Recipe: udon noodles with spinach and poached egg

udon.jpg

This simple and very comforting dish (funny how foods not involving melted cheese can be comforting, but they can!) I found in Vogue of all places, i.e. not where I usually get my food inspiration from, but it’s nice they write about food as well as fashion.

The only slightly daunting part of this meal is poaching eggs, but if you have the freshest of eggs and a slotted spoon you’re halfway there. Further instructions here.

Udon noodles with spinach and poached egg, serves 1

1 portion udon noodles, cooked according to the instructions on the packet 

2 handfuls fresh spinach

200-300 ml vegetable or chicken stock

1 poached egg 

Heat up the stock. Blanch the spinach in boiling water and squeeze it dry. Pour the stock into a bowl. Add noodles and spinach and lastly the poached egg. Sprinkle with chilli flakes or Aleppo pepper. 

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Dinner at Koya, Soho

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Koya, who recently opened another branch, Koya Bar, just down the streat from its original restaurant on Frith Street, has been around for quite a while but I (finally!) did my first visit a few weeks back. It was a cold cold January evening and me and some friends thought a warming bowl of noodles would make a perfect supper.

We started with a few small plates specials from the board and I must say they varied a bit. The fried tofu (above) was alright I thought, but not being a tofu fan my comments may not do it justice. My friends seemed to enjoy it a lot more!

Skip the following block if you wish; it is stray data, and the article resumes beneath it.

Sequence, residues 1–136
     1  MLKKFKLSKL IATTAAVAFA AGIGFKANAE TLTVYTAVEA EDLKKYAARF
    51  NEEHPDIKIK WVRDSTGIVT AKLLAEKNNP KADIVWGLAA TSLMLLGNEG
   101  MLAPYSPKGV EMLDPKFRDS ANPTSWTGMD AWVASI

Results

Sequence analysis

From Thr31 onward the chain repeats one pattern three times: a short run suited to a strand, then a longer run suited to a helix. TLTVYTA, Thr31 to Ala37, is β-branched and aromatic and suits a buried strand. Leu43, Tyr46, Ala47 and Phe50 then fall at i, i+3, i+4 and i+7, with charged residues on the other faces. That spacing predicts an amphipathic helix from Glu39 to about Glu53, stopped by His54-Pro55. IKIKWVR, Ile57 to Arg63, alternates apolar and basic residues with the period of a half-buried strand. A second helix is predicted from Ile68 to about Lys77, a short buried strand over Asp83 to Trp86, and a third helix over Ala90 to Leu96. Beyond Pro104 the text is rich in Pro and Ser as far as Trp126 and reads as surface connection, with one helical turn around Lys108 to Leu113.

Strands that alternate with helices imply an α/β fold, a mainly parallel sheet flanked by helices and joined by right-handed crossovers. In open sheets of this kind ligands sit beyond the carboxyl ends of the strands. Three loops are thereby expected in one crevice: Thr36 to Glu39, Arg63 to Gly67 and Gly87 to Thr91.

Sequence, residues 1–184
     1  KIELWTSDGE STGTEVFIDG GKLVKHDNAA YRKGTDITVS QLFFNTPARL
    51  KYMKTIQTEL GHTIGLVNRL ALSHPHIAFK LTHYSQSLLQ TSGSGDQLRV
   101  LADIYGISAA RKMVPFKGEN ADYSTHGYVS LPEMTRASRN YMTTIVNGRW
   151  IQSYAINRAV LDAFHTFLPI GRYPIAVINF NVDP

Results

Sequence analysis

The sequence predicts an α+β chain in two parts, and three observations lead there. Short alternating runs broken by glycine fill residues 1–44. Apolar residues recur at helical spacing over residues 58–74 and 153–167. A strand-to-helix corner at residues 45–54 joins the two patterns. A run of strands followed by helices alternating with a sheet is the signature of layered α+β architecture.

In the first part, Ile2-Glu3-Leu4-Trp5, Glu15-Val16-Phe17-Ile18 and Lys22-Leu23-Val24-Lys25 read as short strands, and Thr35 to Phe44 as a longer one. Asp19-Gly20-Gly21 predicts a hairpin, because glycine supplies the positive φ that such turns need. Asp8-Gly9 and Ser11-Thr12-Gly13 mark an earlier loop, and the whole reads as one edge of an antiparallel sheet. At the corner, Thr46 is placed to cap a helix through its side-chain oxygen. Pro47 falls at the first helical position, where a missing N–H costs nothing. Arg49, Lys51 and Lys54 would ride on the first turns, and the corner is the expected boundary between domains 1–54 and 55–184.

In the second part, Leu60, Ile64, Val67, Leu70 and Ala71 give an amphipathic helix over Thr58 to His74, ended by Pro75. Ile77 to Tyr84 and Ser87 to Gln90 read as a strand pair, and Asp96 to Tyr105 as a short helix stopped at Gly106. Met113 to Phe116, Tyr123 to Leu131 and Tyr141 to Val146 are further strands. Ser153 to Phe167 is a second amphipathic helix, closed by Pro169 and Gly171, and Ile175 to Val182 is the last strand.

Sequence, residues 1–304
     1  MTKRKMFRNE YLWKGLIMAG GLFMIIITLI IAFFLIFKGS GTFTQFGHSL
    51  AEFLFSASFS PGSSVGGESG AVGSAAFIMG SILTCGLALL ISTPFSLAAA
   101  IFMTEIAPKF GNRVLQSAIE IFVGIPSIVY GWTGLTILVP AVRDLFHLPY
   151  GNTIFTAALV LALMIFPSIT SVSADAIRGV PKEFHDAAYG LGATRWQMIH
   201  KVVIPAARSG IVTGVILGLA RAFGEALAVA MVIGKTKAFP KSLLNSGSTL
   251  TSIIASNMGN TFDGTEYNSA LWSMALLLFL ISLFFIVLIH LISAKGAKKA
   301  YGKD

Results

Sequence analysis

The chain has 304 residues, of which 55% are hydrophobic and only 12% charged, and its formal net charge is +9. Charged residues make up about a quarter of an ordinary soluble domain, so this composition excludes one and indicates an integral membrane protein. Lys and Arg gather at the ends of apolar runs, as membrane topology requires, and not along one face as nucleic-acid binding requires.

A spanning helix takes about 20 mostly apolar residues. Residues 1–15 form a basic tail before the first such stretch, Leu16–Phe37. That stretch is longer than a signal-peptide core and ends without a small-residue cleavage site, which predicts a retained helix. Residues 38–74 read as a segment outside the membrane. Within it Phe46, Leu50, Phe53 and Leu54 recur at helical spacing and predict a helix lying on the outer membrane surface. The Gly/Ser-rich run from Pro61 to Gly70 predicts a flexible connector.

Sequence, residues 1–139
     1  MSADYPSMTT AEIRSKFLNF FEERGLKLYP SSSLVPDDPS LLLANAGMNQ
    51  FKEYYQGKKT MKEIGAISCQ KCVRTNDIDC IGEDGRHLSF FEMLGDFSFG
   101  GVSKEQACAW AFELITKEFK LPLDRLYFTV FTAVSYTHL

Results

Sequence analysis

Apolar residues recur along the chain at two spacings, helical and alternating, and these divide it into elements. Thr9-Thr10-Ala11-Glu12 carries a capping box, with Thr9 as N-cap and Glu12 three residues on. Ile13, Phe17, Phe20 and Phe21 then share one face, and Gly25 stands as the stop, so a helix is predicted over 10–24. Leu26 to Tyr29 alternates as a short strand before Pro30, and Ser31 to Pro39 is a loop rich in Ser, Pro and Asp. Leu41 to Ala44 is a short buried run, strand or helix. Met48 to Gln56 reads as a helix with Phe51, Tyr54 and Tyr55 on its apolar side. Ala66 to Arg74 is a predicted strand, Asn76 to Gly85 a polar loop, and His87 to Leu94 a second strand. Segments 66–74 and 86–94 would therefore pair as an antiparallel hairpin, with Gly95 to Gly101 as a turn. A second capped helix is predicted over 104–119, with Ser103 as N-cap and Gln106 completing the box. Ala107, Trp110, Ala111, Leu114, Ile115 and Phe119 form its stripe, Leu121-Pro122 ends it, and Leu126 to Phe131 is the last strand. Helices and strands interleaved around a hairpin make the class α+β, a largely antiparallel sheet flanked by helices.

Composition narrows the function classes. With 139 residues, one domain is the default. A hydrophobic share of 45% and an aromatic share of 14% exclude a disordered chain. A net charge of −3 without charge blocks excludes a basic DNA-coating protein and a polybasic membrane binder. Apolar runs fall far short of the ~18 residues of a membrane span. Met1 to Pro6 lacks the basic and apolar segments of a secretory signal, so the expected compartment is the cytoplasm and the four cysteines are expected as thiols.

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The sword fish came in breaded and fried chunks complete with bones and things. Not my favourite but perfectly OK.

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But I really enjoyed the grilled oysters!

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For our mains most of us had noodles, but Jenny chose a domburi (rice bowl) with beef and vegetables that looked really good!

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I had a wonderful noodle soup with pork, vegetables and miso. The broth was had great flavour and the udon noodles a nice chewiness to them, the pork itself was probably the least exciting with the dish. It was just what I needed; a soothing and warm bowl of noodle soup!

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Laura also had a noodle soup, but one of the specials with miso and fried salsify (I think), not in the picture. Unfortunately the photo of Amy’s noodle soup with vegetable tempura came out grainy, but I think you can imagine what it looked like. It was also really nice.

We were very satisfied with our meal (and wine) but it’s not a place where you can linger. As soon as you’ve finished someone wants your table; it’s first come first serve – no bookings.

Koya, 49 Frith Street, London W1D 4SG